Friday, February 27, 2015

Soul Storm mix tape

I am thrilled to have Ann Gimple back on the blog today; this time she's sharing a folk- inflected mixtape for Soul Storm, her series of three apocalyptic novels. Psychologist Dr. Lara McInnis has an uncanny ability to read the future. Trevor Denoble is the drop-dead gorgeous Brit (with powers of his own) who loves her. With the world as they know it on the brink of anarchy, they'll need all of their power, and the trust of each other, to stay alive.

Ann explains:
My taste in music is eclectic, but I’m an old folkie at heart. Love the old rock and roll too, like the Rolling Stones and The Band and Jerry Garcia. I picked the above songs for two reasons: Lara and Trevor’s love is a lynchpin for the series, and the series takes place in a precarious pre-apocalyptic world that’s rapidly sliding into anarchy.
I just knew all those old protest songs would come in handy someday, and here we are!
Indeed! It's a great mix of songs--go on and give it a listen!

You can hang with Ann on The Internets over at her website, blog, and on Facebook.

Monday, February 16, 2015

Author Interview: R.S. Mellette (Billy Bobble Makes a Magic Wand)

Billy Bobble Makes a Magic Wand is an enchanting upper middle grade novel that will make you believe in the power of magic. 

Here’s the official blurb:

"E = mc2 is no longer the most powerful force in the universe. Your wand is." Twelve-year-old Billy and his best friend Suzy Quinofski didn't mean to change the universe. Billy, a quantum physics prodigy, just wanted to find a way to help his hoarding, schizophrenic mother – and maybe impress a coven of older girls in high school. Suzy, his intellectual equal, wanted to help her friend and cling to her last remnant of childhood, a belief in magic. Together they made Billy a real, working, magic wand, and opened a door to the Quantum World where thoughts create reality, and all things – good and bad – are possible.

Author R.S. Mellette’s career trajectory spans film, television and theater, in addition to fiction writing.  He worked on Xena! Let me repeat that: HE WORKED ON XENA! 

I am thrilled he agreed to join us today to introduce us to the smartest kid in the universe!

(By the way, there's a Rafflecopter giveaway at the end of this post. Xena fans for sure will want to check it out.)

Tell me about Billy Bobble Makes a Magic Wand.

This book is the story of a 12-year-old kid, Billy, who is into quantum physics, and his best friend, Suzy Quinofski, who is into microbiology.  Together they make a real, working, magic wand… but have no idea how to use it.

I've tried to make this a science-fiction book for the whole family.  I can't wait to find out from readers if they feel that I've succeeded.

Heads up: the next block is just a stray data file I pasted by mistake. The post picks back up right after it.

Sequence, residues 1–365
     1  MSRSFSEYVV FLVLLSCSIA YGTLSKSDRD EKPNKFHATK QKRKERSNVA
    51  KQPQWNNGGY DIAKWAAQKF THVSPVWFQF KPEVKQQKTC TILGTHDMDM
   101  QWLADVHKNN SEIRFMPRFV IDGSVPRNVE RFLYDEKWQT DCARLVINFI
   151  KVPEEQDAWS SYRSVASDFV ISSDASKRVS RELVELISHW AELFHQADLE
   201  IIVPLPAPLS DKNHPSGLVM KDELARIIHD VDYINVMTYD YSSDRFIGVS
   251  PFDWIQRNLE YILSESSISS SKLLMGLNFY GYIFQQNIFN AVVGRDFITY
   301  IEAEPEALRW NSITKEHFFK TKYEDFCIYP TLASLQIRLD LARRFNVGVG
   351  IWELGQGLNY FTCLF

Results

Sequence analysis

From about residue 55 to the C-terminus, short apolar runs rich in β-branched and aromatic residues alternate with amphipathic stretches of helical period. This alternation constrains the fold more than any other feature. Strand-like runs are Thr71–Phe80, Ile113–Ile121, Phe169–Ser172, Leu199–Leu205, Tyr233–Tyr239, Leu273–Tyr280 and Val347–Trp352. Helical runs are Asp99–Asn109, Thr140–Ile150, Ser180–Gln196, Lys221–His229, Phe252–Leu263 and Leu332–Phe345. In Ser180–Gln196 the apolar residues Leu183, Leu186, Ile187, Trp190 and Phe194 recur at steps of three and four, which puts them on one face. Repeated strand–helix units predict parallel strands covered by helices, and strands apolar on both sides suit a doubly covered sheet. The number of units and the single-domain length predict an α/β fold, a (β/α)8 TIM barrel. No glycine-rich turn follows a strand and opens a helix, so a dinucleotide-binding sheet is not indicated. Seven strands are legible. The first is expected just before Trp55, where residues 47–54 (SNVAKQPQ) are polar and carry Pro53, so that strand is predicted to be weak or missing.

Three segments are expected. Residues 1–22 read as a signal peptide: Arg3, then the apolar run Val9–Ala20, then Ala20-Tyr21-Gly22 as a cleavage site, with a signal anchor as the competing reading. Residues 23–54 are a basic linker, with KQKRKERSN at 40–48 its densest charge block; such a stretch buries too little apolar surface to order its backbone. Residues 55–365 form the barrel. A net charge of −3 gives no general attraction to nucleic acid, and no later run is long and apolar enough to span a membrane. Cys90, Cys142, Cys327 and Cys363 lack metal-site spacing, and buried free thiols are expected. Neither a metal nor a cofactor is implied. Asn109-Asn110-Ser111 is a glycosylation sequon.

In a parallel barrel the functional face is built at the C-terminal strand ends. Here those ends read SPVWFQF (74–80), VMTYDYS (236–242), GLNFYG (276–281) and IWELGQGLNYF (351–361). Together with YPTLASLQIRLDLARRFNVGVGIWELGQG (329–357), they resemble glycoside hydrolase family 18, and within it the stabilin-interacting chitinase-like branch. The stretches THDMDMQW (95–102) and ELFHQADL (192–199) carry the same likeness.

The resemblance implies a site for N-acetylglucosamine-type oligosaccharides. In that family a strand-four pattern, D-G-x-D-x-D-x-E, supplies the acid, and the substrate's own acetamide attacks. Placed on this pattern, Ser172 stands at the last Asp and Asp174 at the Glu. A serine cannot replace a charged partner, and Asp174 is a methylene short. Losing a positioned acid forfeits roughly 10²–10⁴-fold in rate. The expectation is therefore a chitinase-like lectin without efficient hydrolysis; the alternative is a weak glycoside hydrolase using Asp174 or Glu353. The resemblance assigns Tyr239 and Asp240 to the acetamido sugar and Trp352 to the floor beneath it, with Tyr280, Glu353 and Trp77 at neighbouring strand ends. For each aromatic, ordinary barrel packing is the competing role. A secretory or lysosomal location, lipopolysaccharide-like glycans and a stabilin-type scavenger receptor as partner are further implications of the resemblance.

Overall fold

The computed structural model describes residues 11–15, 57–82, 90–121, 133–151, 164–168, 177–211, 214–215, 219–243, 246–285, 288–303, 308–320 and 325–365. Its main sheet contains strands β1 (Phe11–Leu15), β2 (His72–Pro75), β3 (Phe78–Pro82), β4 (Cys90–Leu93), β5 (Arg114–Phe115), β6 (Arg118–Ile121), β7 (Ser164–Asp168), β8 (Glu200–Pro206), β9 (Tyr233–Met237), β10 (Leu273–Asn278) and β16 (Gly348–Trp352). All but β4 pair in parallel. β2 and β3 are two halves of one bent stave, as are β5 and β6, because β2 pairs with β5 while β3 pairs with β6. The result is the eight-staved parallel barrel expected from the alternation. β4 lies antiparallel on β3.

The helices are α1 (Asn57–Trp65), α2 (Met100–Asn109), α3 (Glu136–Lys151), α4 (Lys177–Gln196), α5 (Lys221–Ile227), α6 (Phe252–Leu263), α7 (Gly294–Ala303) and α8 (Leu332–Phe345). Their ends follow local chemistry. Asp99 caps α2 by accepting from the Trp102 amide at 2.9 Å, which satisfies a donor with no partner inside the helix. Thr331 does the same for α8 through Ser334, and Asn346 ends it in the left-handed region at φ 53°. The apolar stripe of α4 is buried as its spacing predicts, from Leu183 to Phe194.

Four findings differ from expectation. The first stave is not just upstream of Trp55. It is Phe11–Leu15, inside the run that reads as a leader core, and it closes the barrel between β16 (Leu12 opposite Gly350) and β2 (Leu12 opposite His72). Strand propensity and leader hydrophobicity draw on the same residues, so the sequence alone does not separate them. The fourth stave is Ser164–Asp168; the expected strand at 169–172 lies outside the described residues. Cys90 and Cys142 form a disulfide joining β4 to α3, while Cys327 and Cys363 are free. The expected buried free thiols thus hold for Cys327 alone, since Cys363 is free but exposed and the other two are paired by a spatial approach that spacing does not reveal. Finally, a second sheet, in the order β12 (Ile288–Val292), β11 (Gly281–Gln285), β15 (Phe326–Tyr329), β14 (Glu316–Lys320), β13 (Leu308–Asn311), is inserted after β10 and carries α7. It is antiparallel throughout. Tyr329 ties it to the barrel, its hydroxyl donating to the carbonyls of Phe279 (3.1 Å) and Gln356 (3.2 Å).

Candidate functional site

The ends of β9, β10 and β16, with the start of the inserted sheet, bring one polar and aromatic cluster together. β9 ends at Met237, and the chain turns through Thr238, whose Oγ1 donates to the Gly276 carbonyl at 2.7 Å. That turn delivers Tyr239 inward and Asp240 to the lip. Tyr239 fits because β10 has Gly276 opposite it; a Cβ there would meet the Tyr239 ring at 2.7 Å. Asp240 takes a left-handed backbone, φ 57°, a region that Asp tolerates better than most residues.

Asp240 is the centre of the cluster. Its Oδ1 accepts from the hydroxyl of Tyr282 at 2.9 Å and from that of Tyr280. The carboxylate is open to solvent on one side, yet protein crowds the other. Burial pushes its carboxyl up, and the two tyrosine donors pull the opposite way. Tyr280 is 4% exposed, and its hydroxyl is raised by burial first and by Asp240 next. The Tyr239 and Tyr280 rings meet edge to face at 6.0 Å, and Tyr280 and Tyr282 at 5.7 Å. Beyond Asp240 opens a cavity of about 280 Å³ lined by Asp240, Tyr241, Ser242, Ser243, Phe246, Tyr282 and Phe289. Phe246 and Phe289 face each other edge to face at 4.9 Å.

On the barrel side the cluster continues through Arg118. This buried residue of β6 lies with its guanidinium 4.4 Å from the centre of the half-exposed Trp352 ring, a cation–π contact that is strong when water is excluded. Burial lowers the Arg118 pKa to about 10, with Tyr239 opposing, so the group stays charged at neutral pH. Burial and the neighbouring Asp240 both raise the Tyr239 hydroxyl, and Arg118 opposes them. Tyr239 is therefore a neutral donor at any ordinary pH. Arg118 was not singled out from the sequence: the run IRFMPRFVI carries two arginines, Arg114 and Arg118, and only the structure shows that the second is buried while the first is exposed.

What inspired you to tell Billy’s story?

There were a lot of little things that inspired Billy's story, which is to say, if fans read or hear different stories, don't fret.  They are all true.  One of the things that got me started was spending time in the Science-Fiction section of bookstores.  They are packed with vampires, werewolves, witches and wizards.  Don't get me wrong, I love those stories, but they aren't sci-fi. 

My inner 12-year-old got into a huff about it, so I started thinking, "if you want witches and wizards in the Sci-Fi section, then have them come from a scientific source."

About that time, the movie The Craft reran on TV.  It's a great movie to watch on a rainy day, or a late night.  This time, my inner 12-year-old asked me why I didn't hang out with girls like that coven when I was their age.  I laughed.  "Yeah, like those girls would give you (me), a kid totally into science, the time of day."

The idea of a science nerd like me having a crush on a coven of witches joined with my desire to see more Science in the Science-Fiction section got the creative juices flowing.

Can you bring us into your world a little bit? Billy and his best friend “made” a magic wand. How does the real world change for them? 

For one thing, they get two new friends from the Quantum World.  It turns out that Billy knows a ton about quantum physics, but it's aware that beings live in that reality.  Where we are mostly mass, with a tiny bit of energy, they are mostly energy with a tiny bit of mass.

It turns out that Billy's wand opens a connection between these two worlds, which have had a symbiotic relationship as long as life as existed.

When Billy first uses the wand all he wants to do is escape the ridicule and bullying from the entire school, so he disappears.  For real, totally, disappears from the universe.  That scares him so badly that he and Suzy use the wand sparingly from then on.  They only have a vague idea how it works, and are a little freaked out by the power of what they have made.

In writing this book, I think I've spent more time asking myself, "How would our world change if we could make real magic?"  It then gets more complicated when that power is in the hands of kids.  Still, I approach the question from an adult perspective.  This isn't a "silly" book.  I hope it will make the reader think as much as I have had to.

How did they pull off creating this wand? What was the “science” behind it?

That's the question of the first half of the book.  Let's see if I can explain it without giving away too many secrets.

Einstein tells us that Space and Time are connected, and that nothing can travel faster than the speed of light.  But… paired quantum particles – which, when you change the spin of one, the other one changes its spin instantly – change their spin faster than a single could move from one particle to the other.  So, something is able to break the universe's speed limit.  That's all real science.